Hofmeister, author of the new book "Why We Hate the Oil Companies," said that America not only has to keep drilling for more oil in places like the Gulf of Mexico, but increase its drilling.
By 2020 if drilling is limited, he said: "We will be in a new age in this country. It will be called the age of the energy abyss."
Hofmeister said no industry is hated more than the oil industry – it polls even lower than the federal government – but until the internal combustion engine is replaced, people will demand more oil. Especially when gas prices hit $4 a gallon – something Browner said can’t be blamed on the oil spill since the well was an exploratory one, not one already supplying fuel.
"More and more of our oil and gas has to come from offshore. All you have to do is look at the historical trend," said Tyler Priest, an oil historian at the University of Houston.
Since 1991, oil production on U.S. land and in Alaska has dropped 40 percent, but it has nearly doubled in the Gulf of Mexico, according to federal statistics.
A 2008 International Energy Agency report estimates that reachable conventional oil located in water more than a quarter-mile deep is between 160 and 300 billion barrels, with more than two-thirds of that in Brazil, Angola, Nigeria and the United States.
"Our energy security is going to hang on whether we can drill offshore," said Amy Myers Jaffe, an energy studies fellow at Rice University’s public policy institute.
So what are the costs?
It starts with the possibly devastating oil spill unfolding right now off the coast of Louisiana.
McKinney’s research institute in Corpus Christi estimated a worst-case scenario cost of the spill to the Gulf of Mexico: $1.6 billion.
About one-quarter of that is due to lost fishing and tourism. But the bulk of the cost is in the stuff that’s less easy to quantify: the general wetlands ecology. If half a million acres of wetlands are severely damaged, that drastically affects a fragile area that acts as a wastewater treatment plant for water flowing out of the Mississippi River – where 40 percent of America’s water flows into. And every acre of wetland means one less foot of storm surge from a hurricane, he said.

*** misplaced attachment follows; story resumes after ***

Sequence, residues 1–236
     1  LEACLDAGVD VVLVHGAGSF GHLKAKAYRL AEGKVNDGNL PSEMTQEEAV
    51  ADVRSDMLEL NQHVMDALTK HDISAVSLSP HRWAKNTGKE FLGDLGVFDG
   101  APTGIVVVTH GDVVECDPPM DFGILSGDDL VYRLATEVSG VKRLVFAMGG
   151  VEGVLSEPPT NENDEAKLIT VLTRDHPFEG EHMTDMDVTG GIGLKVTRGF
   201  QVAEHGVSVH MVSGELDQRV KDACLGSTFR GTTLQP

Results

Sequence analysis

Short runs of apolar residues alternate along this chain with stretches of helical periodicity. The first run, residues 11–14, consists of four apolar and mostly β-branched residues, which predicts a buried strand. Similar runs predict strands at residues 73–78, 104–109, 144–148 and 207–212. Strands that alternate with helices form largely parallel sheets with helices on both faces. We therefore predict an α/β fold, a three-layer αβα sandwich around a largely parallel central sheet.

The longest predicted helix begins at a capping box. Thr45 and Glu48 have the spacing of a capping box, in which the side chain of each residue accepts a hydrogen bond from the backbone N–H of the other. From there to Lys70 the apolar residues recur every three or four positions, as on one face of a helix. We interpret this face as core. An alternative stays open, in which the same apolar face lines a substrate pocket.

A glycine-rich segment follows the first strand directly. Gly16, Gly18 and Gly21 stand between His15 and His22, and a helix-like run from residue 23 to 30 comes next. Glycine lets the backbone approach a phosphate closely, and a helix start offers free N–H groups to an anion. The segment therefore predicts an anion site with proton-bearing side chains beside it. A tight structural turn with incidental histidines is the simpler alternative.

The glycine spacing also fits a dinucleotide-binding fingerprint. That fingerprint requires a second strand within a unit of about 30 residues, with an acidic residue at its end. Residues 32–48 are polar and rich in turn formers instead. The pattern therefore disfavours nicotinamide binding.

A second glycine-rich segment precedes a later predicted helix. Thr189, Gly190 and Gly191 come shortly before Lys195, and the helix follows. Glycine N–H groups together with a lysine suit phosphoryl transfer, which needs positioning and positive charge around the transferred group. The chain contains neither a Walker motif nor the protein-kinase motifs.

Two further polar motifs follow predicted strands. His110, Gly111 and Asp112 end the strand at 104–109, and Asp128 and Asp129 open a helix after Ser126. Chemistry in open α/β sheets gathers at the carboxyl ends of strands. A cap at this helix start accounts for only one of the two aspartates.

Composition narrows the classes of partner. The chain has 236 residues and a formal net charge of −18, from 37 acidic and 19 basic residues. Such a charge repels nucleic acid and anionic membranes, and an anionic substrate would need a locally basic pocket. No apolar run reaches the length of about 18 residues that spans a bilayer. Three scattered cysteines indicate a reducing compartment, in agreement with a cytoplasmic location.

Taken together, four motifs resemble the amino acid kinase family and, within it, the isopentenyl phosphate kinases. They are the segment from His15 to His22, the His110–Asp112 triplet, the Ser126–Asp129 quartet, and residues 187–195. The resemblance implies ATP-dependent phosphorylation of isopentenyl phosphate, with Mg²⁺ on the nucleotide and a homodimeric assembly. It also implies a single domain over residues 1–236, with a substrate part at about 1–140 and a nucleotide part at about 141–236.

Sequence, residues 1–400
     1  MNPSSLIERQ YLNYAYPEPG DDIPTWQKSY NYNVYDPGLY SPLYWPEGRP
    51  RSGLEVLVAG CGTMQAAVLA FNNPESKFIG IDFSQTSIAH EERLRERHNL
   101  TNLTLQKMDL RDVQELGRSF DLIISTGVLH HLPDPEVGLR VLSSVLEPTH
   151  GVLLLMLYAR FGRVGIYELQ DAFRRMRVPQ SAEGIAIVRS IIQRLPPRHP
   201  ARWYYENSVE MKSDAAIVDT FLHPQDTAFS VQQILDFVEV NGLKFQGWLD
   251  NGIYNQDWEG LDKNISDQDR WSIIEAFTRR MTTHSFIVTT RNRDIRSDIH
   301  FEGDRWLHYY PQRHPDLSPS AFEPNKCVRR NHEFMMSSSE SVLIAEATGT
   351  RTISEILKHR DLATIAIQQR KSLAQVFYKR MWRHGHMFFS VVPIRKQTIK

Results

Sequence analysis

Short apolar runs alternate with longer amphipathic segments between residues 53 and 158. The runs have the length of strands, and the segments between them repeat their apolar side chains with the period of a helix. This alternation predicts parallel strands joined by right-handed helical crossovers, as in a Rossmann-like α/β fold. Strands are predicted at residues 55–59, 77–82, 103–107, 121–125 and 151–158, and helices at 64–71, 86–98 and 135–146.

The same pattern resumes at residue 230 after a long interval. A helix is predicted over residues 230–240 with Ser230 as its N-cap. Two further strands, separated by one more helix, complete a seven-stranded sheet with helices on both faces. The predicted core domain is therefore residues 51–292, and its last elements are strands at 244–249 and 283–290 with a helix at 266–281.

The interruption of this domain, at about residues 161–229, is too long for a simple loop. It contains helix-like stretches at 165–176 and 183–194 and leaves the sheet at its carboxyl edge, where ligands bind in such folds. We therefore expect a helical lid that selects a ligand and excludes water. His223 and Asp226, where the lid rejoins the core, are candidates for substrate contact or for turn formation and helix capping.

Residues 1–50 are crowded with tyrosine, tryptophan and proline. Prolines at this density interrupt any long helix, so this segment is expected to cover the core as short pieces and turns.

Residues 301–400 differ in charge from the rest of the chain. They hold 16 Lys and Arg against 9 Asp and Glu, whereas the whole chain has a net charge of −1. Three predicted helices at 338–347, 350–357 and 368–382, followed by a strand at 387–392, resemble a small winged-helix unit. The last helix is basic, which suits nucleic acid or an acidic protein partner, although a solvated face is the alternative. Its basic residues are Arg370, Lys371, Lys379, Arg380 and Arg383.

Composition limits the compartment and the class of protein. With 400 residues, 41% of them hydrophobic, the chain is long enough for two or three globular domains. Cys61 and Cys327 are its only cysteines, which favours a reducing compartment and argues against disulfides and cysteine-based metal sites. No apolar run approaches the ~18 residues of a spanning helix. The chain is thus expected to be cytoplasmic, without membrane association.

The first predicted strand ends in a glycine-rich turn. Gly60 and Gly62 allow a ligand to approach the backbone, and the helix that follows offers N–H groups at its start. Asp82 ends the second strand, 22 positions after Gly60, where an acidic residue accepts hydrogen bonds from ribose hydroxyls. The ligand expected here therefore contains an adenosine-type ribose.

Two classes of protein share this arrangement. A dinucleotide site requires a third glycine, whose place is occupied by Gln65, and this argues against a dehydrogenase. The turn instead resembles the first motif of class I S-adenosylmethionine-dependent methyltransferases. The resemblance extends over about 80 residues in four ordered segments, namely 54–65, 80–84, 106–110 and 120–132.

McKinney worries that this is "strike three" for the Gulf’s wetlands. First, they’ve been shrinking because of development and engineering changes to natural drainage in Louisiana. Then Hurricane Katrina damaged them. And now this.
"This one is getting all of us worried," McKinney said.
But that’s not all, environmentalists point out. There are lives lost in getting oil and coal.
Another coal miner died in an accident Tuesday in West Virginia, that’s in addition to the 29 who died in a massive explosion April 5 in that state and an accident last week that killed two in Kentucky. Besides the accidents, more than 29,000 workers have died of coal mining-related lung diseases since 1968, according to the federal government.
The BP PLC oil rig explosion April 20 that caused the spill also claimed 11 lives. That came only weeks after an April 2 refinery fire in Washington state that killed seven workers. In 2008, work accidents killed 120 people in the oil and gas extraction industry, according to the U.S. Department of Labor.
Add to that global warming. Burning oil and coal produces carbon dioxide, which scientists say is changing the Earth’s climate and will eventually change the life of nearly everyone on the planet.
This year, after what seemed like a cool winter in some spots, the heat is back on. Already it’s shaping up to be one of the warmest on record, with a record-setting March, according to both government weather statistics and those kept by global warming skeptics at the University of Alabama Huntsville.
"What we’re seeing is proof positive of our dependence of oil and gas and we’ve ignored that in the past," McKinney said. "Unfortunately it’s being rubbed in our face right now."